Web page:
By Gary Allen Burns

Conservation easements are legal instruments between a landowner and an agency or organization prohibiting certain development activities on land with special environmental or conservation use. Based on the principal of separating land ownership rights, the easement typically permits forestry activities, while limiting construction, subdivision, mining and similar projects. Professional appraisals are necessary for IRS approval.

The easement, of course, could negatively affect the future marketability of the property. If the property is near an expanding residential or commercial area, for example, the property may later have a “higher and better use” and would have had a higher resale value without the easement. A rural property with a conservation easement that permits hunting and timber sales, however, may be minimally affected.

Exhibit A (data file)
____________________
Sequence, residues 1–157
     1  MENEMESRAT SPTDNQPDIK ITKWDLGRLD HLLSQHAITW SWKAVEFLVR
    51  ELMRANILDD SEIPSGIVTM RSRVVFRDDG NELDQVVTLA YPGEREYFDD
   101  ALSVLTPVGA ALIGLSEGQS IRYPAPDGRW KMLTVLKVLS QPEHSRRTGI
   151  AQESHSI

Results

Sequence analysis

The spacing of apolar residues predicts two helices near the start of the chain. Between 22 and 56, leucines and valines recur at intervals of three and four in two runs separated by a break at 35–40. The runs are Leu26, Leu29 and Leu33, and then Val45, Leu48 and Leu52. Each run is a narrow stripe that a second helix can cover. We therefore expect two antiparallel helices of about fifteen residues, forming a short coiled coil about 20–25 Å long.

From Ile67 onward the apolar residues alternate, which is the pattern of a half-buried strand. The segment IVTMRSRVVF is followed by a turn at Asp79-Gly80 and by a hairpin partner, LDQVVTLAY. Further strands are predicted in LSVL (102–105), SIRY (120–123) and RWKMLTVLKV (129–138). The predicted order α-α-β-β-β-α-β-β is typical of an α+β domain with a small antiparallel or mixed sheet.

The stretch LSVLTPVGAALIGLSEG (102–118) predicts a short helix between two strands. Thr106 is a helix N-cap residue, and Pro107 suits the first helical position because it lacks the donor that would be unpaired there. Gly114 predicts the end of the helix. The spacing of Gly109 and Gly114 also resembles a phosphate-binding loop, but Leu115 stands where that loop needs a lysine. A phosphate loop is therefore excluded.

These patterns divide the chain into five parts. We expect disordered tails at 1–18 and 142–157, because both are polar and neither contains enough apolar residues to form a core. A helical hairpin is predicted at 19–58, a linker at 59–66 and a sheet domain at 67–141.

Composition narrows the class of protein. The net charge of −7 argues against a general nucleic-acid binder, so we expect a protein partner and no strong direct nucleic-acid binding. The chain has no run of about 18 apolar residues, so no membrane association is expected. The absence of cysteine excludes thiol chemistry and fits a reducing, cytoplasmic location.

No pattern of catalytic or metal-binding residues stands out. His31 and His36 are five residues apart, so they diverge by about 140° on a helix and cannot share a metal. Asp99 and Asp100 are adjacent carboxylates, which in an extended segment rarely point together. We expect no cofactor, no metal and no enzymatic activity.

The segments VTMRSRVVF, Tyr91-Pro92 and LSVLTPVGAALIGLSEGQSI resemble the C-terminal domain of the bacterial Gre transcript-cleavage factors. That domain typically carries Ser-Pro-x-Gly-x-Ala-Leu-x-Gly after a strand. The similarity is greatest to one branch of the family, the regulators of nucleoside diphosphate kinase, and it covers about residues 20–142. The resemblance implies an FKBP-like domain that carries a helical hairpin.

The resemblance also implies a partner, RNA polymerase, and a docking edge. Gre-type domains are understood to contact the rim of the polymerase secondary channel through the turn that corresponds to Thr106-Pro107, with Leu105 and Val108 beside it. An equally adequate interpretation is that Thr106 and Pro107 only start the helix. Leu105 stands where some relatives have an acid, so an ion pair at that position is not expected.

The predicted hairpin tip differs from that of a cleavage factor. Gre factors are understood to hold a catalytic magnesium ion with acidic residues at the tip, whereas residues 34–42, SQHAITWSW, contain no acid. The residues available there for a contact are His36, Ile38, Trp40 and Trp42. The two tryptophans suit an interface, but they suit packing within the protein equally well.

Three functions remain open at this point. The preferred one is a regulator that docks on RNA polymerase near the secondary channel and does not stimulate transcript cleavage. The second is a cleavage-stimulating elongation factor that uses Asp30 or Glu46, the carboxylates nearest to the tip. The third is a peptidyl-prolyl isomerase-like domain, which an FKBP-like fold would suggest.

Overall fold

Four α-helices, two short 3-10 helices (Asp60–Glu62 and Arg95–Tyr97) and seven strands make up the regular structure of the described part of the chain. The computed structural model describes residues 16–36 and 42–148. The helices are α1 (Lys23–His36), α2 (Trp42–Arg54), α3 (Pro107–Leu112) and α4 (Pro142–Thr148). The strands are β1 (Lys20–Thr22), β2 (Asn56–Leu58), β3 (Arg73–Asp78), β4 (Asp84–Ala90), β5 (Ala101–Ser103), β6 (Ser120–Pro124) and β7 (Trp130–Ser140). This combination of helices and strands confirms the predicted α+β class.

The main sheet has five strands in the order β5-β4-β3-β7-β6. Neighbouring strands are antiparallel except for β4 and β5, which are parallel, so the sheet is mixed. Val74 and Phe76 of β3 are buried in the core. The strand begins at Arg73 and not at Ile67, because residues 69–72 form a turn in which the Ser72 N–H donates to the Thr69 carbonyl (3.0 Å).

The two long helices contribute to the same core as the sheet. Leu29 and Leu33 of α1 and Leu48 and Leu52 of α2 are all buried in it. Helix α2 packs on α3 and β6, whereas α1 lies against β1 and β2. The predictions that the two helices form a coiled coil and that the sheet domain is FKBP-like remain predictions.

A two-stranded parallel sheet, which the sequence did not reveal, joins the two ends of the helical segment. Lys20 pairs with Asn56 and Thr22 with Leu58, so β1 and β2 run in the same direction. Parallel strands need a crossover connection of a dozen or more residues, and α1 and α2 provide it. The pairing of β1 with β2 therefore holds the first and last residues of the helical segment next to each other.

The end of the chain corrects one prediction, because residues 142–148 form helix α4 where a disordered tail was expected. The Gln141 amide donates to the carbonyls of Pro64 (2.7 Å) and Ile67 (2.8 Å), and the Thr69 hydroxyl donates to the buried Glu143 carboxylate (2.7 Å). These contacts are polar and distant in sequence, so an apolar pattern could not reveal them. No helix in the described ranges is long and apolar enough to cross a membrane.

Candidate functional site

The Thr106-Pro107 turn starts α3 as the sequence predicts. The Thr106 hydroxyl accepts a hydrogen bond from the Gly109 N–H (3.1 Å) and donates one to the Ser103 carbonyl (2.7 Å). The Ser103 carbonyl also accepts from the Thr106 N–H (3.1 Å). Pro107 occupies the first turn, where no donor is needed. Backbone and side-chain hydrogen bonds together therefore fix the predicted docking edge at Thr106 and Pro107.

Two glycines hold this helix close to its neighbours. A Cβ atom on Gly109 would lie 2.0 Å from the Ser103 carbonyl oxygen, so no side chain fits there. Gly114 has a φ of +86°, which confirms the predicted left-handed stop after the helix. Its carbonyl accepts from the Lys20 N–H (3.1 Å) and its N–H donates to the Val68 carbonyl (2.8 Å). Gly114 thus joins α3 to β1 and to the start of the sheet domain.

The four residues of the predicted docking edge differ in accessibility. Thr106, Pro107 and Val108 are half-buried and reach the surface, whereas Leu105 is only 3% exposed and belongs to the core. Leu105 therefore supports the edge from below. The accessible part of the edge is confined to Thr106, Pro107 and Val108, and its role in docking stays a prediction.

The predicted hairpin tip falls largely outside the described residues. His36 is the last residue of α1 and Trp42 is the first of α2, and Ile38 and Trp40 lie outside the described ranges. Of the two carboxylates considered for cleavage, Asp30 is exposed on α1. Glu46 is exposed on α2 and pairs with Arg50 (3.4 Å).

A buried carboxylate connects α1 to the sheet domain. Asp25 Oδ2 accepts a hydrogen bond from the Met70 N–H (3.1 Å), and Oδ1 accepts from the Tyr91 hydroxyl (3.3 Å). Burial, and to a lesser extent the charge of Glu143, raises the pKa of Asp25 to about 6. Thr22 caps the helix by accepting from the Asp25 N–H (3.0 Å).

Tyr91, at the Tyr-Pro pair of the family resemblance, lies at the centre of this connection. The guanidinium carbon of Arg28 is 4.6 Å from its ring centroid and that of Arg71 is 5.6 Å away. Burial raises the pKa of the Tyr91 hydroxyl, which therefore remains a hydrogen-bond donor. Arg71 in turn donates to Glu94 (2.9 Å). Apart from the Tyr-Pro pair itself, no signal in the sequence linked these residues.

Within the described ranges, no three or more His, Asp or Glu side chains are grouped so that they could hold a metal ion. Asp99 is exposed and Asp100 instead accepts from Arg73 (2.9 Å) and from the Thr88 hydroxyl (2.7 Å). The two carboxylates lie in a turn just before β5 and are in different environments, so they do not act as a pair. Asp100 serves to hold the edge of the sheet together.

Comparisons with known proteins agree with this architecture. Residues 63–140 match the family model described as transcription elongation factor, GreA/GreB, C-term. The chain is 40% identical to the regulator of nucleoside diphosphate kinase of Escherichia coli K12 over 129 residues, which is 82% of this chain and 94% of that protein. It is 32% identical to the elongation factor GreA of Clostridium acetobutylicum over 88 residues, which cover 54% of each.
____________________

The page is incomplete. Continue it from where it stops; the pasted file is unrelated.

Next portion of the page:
Conservation easement donors can qualify for a tax deduction of up to 50 percent of the taxpayer’s Adjusted Gross Income in a year. Qualified farmers and ranchers, including forest landowners, can deduct up to 100 percent. Excess donations over the 50 or 100 percent limit may be carried forward to 15 years.